• Epilepsy;
  • MRI ;
  • Presurgical evaluation;
  • MRI postprocessing;
  • MRI-negative epilepsy;
  • Voxel-based morphometry;
  • Orbitofrontal epilepsy;
  • Focal cortical dysplasia



The orbitofrontal (OF) region is one of the least explored regions of the cerebral cortex. There are few studies on patients with electrophysiologically and surgically confirmed OF epilepsy and a negative magnetic resonance imaging (MRI) study. We aimed to examine the neuroimaging characteristics of MRI-negative OF epilepsy with the focus on a voxel-based morphometric MRI postprocessing technique.


We included six patients with OF epilepsy, who met the following criteria: surgical resection of the OF lobe with/without adjacent cortex, seizure-free for ≥12 months, invasive video–electroencephalography (EEG) monitoring showing ictal onset from the OF area, and preoperative MRI regarded as negative. Patients were investigated in terms of their image postprocessing and functional neuroimaging characteristics, electroclinical characteristics obtained from noninvasive and invasive evaluations, and surgical pathology. MRI postprocessing on T1-weighted high-resolution scans was implemented with a morphometric analysis program (MAP) in MATLAB.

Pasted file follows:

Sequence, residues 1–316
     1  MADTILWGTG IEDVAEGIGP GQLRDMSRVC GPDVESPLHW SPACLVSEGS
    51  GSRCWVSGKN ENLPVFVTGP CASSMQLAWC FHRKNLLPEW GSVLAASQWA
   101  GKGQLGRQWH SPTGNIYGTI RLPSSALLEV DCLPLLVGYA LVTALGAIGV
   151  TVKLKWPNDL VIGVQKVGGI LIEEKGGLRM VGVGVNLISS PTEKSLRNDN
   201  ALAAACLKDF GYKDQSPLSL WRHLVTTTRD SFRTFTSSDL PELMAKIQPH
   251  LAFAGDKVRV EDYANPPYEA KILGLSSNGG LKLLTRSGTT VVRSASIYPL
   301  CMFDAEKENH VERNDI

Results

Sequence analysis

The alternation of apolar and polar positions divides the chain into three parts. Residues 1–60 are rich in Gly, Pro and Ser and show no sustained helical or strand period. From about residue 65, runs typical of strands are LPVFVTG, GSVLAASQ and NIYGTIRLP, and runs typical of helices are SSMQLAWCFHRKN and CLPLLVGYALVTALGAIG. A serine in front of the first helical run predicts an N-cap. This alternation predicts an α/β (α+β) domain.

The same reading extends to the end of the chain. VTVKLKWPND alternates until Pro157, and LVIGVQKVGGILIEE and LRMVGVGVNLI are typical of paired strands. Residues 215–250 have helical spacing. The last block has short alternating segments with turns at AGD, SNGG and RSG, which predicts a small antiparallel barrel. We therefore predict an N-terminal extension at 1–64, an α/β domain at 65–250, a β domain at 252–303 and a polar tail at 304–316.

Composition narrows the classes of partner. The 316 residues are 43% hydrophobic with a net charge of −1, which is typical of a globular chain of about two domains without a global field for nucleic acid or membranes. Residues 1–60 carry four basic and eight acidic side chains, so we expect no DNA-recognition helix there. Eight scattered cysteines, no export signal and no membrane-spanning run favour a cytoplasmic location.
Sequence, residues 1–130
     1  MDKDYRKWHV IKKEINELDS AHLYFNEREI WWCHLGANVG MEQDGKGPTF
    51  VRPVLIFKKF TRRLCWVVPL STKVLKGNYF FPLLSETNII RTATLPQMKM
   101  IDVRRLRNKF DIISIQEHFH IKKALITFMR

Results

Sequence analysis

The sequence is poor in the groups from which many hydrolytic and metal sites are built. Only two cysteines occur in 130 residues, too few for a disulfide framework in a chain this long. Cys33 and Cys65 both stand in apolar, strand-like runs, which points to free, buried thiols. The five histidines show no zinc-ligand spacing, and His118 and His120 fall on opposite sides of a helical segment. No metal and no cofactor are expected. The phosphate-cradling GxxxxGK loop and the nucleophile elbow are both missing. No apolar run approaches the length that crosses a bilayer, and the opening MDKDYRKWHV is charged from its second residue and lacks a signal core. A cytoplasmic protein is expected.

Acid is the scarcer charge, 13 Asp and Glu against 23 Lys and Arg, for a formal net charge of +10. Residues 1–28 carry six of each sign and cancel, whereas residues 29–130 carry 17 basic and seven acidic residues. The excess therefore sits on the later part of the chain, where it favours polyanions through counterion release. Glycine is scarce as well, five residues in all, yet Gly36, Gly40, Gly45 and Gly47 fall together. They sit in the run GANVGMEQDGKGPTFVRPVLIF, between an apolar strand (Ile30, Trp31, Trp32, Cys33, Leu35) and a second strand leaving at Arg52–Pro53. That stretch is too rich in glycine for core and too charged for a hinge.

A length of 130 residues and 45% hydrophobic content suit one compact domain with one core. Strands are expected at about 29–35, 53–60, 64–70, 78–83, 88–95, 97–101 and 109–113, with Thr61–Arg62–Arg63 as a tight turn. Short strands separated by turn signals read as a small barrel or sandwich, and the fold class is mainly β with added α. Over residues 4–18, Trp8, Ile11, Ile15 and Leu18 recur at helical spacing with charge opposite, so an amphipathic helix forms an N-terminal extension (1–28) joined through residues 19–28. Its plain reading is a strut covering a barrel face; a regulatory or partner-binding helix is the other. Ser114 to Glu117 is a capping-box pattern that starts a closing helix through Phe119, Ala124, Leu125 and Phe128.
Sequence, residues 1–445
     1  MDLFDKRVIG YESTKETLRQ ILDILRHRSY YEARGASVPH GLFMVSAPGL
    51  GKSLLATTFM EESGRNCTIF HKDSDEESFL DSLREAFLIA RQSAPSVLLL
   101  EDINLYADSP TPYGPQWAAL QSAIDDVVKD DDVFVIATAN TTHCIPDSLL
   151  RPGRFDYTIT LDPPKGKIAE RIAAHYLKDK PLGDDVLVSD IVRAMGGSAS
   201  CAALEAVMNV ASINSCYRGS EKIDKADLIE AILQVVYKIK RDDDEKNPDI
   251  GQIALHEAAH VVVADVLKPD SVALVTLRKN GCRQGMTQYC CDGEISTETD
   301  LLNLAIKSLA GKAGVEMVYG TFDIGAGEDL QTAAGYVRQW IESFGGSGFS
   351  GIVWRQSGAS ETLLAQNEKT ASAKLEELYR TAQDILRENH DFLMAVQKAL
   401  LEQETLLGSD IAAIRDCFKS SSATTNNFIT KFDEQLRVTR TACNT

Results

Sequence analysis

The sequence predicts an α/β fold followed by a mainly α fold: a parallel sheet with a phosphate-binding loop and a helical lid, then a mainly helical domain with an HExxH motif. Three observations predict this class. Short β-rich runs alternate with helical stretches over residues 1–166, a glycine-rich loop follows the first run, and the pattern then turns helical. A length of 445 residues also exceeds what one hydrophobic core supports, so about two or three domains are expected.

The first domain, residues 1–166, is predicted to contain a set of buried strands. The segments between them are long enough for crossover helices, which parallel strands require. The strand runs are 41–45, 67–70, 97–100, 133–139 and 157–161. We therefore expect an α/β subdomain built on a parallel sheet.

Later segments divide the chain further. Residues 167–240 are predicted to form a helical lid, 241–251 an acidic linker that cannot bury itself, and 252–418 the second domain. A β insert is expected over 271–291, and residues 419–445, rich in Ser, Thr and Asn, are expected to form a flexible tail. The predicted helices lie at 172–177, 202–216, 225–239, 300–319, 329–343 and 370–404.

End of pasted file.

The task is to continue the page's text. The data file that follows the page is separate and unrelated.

Key Findings

Single MAP+ abnormalities were found in four patients; three were in the OF region and one in the ipsilateral mesial frontal area. These abnormalities were included in the resection. One patient had bilateral MAP+ abnormalities in the OF region, with the ipsilateral one completely removed. The MAP+ foci were concordant with invasive electrophysiologic data in the majority of MAP+ patients (four of five). The localization value of 18F-fluorodeoxyglucose-positron emission tomography (FDG-PET) and ictal single-photon emission computed tomography (SPECT) is low in this cohort. Surgical pathology included focal cortical dysplasia, remote infarct, Rosenthal fiber formation and gliosis.


Our study highlights the importance of MRI postprocessing in the process of presurgical evaluation of patients with suspected orbitofrontal epilepsy and “normal” MRI. Using MAP, we were able to positively identify subtle focal abnormalities in the majority of the patients. MAP results need to be interpreted in the context of their electroclinical findings and can provide valuable targets in the process of planning invasive evaluation.